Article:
11 May Oil and Gas Future Series: Oil Exploration
Oil and Gas Future Series: Oil Exploration – When will we know how much is left?
When it comes to Oil Exploration, the truth is that we won’t truly know until it’s all gone, but it doesn’t look like that will be anytime soon. According to Worldatlas.com the top twenty countries with proven oil reserves account for over 1.6 trillion barrels of oil.
So now we have a rough number, but two more questions arise: “Is it possible to extract all that?” and “How long can that last?”.
Oil Exploration – Is it possible to extract all that?
Technology is ever changing. Although the concept of fracking has been around longer, it wasn’t employed with horizontal drilling until the ‘90s. Even after that we’ve made leaps and bounds in automation allowing us to get at more and more oil.
But that doesn’t exactly answer the question of how much of the 1.6 trillion barrels we can get?
These numbers are what’s known as proven reserves. You see, the key thing about proven resources is they’re calculated based on current oil price as to what could logically be extracted.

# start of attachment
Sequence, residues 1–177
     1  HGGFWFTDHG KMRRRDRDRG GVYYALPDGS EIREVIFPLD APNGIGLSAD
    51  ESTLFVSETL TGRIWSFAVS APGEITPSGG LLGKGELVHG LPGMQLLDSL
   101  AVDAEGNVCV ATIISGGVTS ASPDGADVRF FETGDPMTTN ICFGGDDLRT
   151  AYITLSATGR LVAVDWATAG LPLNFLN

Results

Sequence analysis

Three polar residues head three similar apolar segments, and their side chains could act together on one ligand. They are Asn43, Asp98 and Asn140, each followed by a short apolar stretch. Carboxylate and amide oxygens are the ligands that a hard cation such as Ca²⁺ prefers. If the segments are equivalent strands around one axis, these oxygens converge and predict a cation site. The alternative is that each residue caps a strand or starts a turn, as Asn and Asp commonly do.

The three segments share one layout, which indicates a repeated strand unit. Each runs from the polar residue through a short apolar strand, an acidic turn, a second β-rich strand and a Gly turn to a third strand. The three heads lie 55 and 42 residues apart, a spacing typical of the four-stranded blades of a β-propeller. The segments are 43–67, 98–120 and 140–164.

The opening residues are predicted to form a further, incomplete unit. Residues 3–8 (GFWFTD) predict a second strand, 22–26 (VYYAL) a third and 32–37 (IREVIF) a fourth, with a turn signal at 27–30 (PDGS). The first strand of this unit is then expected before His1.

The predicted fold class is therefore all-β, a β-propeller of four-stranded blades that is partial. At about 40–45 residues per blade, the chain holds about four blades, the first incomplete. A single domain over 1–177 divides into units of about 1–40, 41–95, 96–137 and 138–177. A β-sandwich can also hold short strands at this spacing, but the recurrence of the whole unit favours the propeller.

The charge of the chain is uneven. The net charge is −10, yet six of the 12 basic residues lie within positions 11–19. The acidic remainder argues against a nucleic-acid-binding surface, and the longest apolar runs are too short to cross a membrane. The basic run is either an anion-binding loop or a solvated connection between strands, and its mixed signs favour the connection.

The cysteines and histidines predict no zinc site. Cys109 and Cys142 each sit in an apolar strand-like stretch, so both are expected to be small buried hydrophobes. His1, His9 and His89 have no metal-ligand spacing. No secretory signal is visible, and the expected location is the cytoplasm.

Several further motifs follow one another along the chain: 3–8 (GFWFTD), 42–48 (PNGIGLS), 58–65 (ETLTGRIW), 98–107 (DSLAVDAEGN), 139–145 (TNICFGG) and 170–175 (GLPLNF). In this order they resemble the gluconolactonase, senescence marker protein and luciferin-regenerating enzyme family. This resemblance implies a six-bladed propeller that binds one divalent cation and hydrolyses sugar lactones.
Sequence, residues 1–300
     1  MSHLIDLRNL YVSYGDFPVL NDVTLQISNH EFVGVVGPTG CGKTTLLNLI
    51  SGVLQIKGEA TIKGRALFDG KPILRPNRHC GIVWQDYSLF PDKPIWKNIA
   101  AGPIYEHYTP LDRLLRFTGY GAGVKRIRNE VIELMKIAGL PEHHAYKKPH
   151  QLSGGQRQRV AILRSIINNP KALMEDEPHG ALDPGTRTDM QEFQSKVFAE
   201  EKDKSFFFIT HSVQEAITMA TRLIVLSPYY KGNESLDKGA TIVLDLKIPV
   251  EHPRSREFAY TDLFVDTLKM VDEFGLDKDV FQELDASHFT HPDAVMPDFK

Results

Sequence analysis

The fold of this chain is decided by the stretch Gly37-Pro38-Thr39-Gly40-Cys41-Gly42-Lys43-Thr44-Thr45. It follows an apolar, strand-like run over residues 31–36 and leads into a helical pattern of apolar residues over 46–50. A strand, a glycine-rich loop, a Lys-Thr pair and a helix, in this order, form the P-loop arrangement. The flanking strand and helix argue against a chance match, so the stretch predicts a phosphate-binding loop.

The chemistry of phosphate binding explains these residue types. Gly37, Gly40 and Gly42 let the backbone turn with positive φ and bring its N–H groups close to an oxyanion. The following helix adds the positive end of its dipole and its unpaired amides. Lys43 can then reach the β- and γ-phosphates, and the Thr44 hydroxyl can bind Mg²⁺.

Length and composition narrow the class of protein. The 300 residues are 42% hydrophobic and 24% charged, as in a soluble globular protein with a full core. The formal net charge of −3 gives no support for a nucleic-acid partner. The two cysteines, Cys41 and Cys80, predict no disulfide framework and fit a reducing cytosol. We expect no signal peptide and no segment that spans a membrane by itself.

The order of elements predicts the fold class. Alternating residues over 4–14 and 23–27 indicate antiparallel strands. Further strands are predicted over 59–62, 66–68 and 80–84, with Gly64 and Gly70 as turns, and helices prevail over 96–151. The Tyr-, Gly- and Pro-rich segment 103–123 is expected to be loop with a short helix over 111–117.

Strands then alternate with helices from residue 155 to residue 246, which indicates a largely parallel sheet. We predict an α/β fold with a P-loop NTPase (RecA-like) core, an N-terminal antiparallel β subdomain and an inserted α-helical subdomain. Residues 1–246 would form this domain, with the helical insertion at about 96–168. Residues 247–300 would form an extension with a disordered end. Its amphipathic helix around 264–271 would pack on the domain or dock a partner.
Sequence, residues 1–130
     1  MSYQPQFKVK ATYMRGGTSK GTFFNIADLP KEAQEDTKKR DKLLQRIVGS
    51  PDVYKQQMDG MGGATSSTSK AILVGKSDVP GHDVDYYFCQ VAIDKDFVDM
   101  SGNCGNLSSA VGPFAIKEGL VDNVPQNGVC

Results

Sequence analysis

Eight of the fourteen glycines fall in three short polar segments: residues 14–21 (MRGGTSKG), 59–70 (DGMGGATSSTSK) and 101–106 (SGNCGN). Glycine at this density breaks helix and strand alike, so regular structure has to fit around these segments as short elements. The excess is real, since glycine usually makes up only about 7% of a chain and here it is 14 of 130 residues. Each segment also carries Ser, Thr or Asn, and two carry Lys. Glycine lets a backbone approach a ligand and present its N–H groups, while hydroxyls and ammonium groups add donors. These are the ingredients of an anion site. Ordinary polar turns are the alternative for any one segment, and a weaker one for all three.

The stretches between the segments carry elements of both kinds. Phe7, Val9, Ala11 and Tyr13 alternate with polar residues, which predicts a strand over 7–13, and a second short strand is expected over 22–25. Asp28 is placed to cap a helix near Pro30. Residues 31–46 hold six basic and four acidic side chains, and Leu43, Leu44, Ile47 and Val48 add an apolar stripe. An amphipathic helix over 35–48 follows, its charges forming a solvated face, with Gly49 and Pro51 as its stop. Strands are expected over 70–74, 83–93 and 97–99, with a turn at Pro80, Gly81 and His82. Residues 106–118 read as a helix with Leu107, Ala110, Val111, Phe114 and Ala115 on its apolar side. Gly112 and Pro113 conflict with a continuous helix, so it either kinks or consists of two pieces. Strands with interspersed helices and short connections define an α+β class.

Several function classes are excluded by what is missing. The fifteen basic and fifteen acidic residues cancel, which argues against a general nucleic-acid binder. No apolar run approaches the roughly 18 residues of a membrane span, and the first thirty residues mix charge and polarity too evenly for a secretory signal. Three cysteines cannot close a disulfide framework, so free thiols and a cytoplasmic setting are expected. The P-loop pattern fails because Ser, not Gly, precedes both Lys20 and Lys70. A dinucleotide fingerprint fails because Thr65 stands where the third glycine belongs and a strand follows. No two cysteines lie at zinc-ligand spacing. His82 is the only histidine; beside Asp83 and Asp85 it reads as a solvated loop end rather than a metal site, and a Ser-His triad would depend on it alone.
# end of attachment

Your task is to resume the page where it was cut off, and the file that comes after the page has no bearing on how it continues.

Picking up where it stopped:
This number does not include all the known oil we have on our beautiful blue marble in space. There’s much more that we have either a) not discovered or b) can’t get to with current technology.
Oil Exploration – How long can it last?
Ignoring the likely possibility that technology will improve to the point we can get all the oil tucked away in the deepest corners of the globe, let’s talk about the 1.6 trillion barrels we can access today.
If we take the IEA’s millions of barrels per day recording from 2013 to 2016 (https://www.iea.org/oilmarketreport/omrpublic/) it’s on the safe side to assume oil consumption will go up by 2mb/day per annum. With the beginning of 2017 seeing 97mb/day we can forecast how much we use each year (roughly).
In an imperfect world, where we don’t find any more proven oil reserves, technology doesn’t increase our extraction capacity, and we don’t reduce oil consumption, then we will run out of oil in 2050.
That is a lot of things that need to go wrong for the end of oil.
What does this mean?
For you and me it means that the oil and gas industry is safe for now. We have years ahead of us to discover new oil, and for technology to improve in the industry.
That being the case, you need to make sure you keep track of your oil and gas interests today to make sure you’re getting the most for your barrels.
Comment on what you think and keep smiling!